Riding Unicorns

I recently happened to watch the romantic comedy, Guess Who for the first time when the following scene ensued.

“Would you open your mind, Percy Jones? Dante is a metrosexual.”

“A what?”

“He’s a straight man with taste.”

“No such thing. You might as well tell me he rode over here on a unicorn.”

I suppose most people watching the film took the scene lightly. Yet it got me thinking:

how many times do we insult or comment on personality traits of other people using sexuality and gender references?

At some point, we have all partook or grown accustomed to some comment to a man exclaiming, “don’t be a little bitch” or “you’re a pussy.”

Worse still, I have heard women in conversation complain that their potential dates had been “too gay.” Nobody knows just exactly what that means, but most guesses usually include quite a delusional perception of how men and women should “naturally” act.

And so it is really important to consider the real meaning behind these comments. First of all, no decent woman should accept that her anatomy becomes a tool of insult.

Being a woman is NOT an insult.

Moreover, all these comments that we have grown used to have normalized some very inaccurate and sexist notions about men and women. So if a man expresses feelings deemed as “too emotional” he is automatically told to stop acting like a girl whereas actually, the idea that women are raging hormonal emotion bags has been disproved for a while now. In 2013, we still categorize certain feelings and behaviours under “male” and “female” as opposed to understanding that sentiments are common in both and have nothing to do with what is in their pants.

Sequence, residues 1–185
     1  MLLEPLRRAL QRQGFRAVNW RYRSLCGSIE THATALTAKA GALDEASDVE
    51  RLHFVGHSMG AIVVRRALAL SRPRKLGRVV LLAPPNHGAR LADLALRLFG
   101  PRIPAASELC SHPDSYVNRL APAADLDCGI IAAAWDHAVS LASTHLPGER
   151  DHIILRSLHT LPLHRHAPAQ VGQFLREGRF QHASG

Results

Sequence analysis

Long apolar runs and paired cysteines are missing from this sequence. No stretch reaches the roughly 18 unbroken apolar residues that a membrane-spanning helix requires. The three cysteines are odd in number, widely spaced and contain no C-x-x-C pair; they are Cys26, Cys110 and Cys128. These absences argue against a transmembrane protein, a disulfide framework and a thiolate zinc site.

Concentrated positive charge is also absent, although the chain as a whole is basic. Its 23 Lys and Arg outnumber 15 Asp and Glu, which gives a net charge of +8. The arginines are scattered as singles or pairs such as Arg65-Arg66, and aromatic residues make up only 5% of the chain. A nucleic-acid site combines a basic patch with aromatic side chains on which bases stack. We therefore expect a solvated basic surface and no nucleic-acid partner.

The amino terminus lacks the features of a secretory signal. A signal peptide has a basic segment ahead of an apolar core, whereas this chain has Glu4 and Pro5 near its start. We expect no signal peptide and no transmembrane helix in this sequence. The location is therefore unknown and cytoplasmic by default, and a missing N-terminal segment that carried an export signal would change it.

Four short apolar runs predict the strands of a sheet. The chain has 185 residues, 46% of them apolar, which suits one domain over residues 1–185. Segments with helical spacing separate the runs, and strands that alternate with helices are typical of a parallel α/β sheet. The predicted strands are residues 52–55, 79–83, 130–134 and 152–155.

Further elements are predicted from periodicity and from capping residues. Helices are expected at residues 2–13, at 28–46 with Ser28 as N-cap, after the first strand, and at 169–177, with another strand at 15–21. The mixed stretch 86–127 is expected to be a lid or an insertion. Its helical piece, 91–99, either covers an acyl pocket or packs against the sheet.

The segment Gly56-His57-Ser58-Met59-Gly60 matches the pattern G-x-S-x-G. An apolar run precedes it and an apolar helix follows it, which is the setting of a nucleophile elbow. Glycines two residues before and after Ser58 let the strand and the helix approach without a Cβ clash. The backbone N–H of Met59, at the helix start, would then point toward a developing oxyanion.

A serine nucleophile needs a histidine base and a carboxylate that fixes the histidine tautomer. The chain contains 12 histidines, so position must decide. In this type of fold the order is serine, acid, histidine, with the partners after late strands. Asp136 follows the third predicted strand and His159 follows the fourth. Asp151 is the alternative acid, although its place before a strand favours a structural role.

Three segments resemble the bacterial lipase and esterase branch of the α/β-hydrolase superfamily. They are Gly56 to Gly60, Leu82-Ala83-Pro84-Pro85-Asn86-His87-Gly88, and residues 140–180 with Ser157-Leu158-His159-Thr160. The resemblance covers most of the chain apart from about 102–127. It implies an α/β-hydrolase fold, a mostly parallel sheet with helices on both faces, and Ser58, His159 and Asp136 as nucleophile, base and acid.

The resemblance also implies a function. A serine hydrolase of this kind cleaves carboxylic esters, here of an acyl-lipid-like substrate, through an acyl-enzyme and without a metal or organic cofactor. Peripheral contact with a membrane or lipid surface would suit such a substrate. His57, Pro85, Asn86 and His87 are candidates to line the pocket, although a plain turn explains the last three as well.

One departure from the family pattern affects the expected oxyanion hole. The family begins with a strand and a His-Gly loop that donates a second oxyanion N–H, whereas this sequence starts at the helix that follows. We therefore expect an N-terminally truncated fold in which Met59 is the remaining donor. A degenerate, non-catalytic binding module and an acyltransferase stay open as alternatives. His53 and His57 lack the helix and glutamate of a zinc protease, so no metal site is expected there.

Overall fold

Also, just as opposing discriminatory language against women in this case becomes necessary, so do does the “too gay” comments. Again, homosexuality is neither an insult nor an excuse to circulate fictitious notions about what it means to be homosexual.

This process is unjust to both men and women.

Think of the string of seriously dangerous behaviors that have been tied to what is acceptably “manly.” The list can easily include sexual assault and domestic violence, and that is the real danger of accepting certain “jokes” or seemingly trivial comments; they are the roots of more serious behaviour.

And since we have all been part of this process, sometimes innocently and without any actual sexist intentions, the key issue here is to recognize that it is a problem. So next time you hear any one of these comments, stay conscious of the discourse it comes from and make different choices.





YASMINE یاسمین

What’s New


  1. kitty cat says:

    Amen, happy there is a post on this finally.

Leave a Reply

Fill in your details below or click an icon to log in: Logo

You are commenting using your account. Log Out /  Change )

Google+ photo

You are commenting using your Google+ account. Log Out /  Change )

Twitter picture

You are commenting using your Twitter account. Log Out /  Change )

Facebook photo

You are commenting using your Facebook account. Log Out /  Change )

Connecting to %s

%d bloggers like this: